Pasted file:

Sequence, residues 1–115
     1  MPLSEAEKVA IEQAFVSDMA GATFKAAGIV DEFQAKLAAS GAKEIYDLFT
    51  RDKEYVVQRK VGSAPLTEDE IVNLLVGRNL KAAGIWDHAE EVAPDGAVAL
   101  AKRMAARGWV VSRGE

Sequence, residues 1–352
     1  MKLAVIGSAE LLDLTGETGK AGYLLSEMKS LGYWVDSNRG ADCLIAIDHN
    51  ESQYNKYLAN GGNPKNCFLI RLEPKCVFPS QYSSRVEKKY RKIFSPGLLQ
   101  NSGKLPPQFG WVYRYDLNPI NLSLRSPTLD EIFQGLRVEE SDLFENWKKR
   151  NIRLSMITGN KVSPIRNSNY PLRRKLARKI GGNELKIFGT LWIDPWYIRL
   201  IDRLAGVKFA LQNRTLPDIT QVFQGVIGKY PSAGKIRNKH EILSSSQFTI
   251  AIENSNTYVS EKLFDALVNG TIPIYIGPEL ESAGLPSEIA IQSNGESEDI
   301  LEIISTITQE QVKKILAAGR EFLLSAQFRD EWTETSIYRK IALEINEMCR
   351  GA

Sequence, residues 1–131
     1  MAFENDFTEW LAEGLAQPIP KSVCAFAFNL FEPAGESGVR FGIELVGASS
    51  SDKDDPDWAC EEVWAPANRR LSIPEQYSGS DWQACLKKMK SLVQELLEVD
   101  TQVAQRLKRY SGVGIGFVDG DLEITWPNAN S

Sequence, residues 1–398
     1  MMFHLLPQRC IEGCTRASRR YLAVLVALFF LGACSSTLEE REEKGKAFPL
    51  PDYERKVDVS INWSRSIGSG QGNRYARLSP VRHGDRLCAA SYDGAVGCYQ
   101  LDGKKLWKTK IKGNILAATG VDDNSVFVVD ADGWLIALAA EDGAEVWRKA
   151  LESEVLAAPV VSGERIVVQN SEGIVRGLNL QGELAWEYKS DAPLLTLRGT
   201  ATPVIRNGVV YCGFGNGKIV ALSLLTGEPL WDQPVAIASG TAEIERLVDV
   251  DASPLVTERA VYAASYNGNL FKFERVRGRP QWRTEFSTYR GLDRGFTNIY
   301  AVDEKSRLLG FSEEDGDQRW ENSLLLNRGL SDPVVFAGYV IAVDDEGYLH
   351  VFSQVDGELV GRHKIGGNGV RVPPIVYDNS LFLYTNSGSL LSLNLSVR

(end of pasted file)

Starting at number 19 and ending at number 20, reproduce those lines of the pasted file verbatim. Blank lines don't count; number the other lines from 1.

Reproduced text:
     1  MMFHLLPQRC IEGCTRASRR YLAVLVALFF LGACSSTLEE REEKGKAFPL
    51  PDYERKVDVS INWSRSIGSG QGNRYARLSP VRHGDRLCAA SYDGAVGCYQ